Twenty-nine annual and perennial wildflower species were evaluated for commercial seed production potential in South Carolina. Species selection was based on adaptability to southeastern conditions and potential for use in wildflower sod. Potential for seed production was based on seed maturation ratings, percent germination 4 to 6 weeks after harvest, and yield. Individual species were seeded into I-m2 plots (3.3 ft2), on 7 Oct. Seeds were collected, clcaned, and counted, and total seed yield (lb) was calculated based on seed germination and weight of 100 seeds. Species with potential for production were Hesperis matronalis L. (2605 lb/acre), Monarda citriodora Cer. ex Lag. (1247 lb/A), Silene armeria L. (1122 lb/acre), Bidens aristosa (Michaux) Britton. (41 lb/acre), Centaurea cyanus L. (823 lb/acre), Coreopsis tinctoria Nutall (185 lb/acre), Gypsophila elegans L. (120 lb/acre), Ipomopsis rubra (L.) (2301 lb/acre) Wherry, and Rudbeckia hirta L. (500 lb/acre).
Anne Marie Johnson and Ted Whitwell
Marietta Loehrlein and Sandy Siqueira
Coreopsis rosea is important as a landscape plant and is of some impor-tance for restoration of native species. In both situations it is important to understand the breeding system so that the pollination process may be controlled for optimal seed production. The study of the incompatibility system is important to seed production. In commercial crops, seeds may be products of open pollination or F1 hybrids. In the former, genetic variability exists. In conservation and recovery programs of local flora, seeds with genetic variability are desirable. In development of commercial crops, uniform seeds and plants are desirable. Regardless of whether seeds will ultimately be used for commercial crops or for species restoration, an understanding of self-incompatibility will allow the pollination process to be manipulated for optimal seed production. The purpose of this research was to investigate the sexual reproduction mode in Coreopsis rosea. The objectives were to determine whether Coreopsis rosea operates with a self-incompatibility system, and, if so, to discover whether it is a sporophytic or gametophytic mode. The sporophytic form of self-incompatibility has been found in other plants in the Asteraceae family, but no one has studied self-incompatibility in Coreopsis rosea. The purpose of this research was to identify the self-incompatibility system in Coreopsis rosea. A series of self- and cross-pollinations were made in situ, and in vivo pollinations were made and the pistils studied under the microscope. Results indicate that Coreopsis rosea is self-incompatible and operates under the sporophytic mode.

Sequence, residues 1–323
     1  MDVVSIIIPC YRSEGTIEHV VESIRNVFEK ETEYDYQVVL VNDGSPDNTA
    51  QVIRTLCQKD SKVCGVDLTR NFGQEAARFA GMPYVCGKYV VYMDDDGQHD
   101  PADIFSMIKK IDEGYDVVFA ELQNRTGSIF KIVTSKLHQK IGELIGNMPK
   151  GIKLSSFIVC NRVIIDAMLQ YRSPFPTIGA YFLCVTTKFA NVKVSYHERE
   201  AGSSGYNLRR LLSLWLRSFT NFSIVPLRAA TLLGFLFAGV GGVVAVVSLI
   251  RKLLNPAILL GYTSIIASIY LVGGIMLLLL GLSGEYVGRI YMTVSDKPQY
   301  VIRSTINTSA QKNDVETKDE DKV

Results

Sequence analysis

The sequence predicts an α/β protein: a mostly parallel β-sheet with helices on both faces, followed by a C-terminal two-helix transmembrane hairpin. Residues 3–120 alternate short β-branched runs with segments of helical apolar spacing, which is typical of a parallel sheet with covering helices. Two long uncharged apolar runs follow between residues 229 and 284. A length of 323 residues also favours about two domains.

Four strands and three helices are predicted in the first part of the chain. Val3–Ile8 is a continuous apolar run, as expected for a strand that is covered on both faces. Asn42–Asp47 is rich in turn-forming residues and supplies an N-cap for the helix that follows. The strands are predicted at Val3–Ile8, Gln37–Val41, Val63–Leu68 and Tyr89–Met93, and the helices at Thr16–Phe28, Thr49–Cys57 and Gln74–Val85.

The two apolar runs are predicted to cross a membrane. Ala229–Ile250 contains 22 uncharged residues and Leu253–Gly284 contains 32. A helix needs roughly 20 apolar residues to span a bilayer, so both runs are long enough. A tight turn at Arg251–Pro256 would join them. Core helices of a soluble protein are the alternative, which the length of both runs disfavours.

Mark W. Farnham and Howard F. Harrison
The discovery that broccoli (Brassicaoleracea L., Italica Group) sprouts contain high levels of sulforaphane, a constituent that may provide chemoprotection against certain carcinogens, has stimulated much interest in seed production of this crop. Studies were undertaken to determine the potential for producing broccoli seed using self-compatible selections from open-pollinated (OP) populations or doubled-haploid (DH) programs. In all outdoor and greenhouse trials, three OP selections and seven DH lines produced selfed seed, but seed weight per plant and number per plant varied significantly among the entries. In all environments there were individuals with relatively high (i.e., >3 g/plant) production that were significantly different from low (i.e., <2 g/plant) producers. The relative productivity of some lines varied greatly between experiments, which indicates that seed production of particular genotypes is affected differently by environmental conditions. This indicates the importance of identifying lines that are high producers of selfed seed across different environments. Two OP cultivar-derived lines (USVL102 and USVL104) and two DH lines (USVL062 and USVL093) were identified that consistently produced relatively high yields in greenhouse and screen cage trials. These lines are good candidates for evaluating seed production in field tests and as possible sources of seed for sprouting.
Vincent A. Fritz, Harold A. Cloud, Robert F. Deef, and Alicia M. Borowski
An experimental research seed dryer based on the heat pump principle was built to dry sweet corn (Zea mays var. rugosa L.) seed on husked ears. The dryer is not susceptible to environmentally induced drying rate fluctuations that are common with a conventional open-system forced-air oven. The dryer operates as a closed system and, as a result, provides a more constant drying environment. The ability to control air flow, temperature, and humidity makes the dryer a valuable tool for seed production research.
Douglas C Needham and Homer T. Erickson
Mean seed production in tetraploid × diploid crosses of Salpiglossis sinuata R et P. was similar to that in diploid × diploid crosses, but germination of the resultant triploid seeds was low (8%). Parental line selection resulted in some germination improvement. Triploid hybrids from these crosses were vigorous, with floral characteristics resembling tetraploids. The fertility indices of self-pollinations of triploids and pollinations by diploid and tetraploid plants were <1, 22, and 6, respectively, compared with 176 for diploid × diploid crosses. Thus, the self-pollinated triploids were virtually sterile.
Laura C. Merrick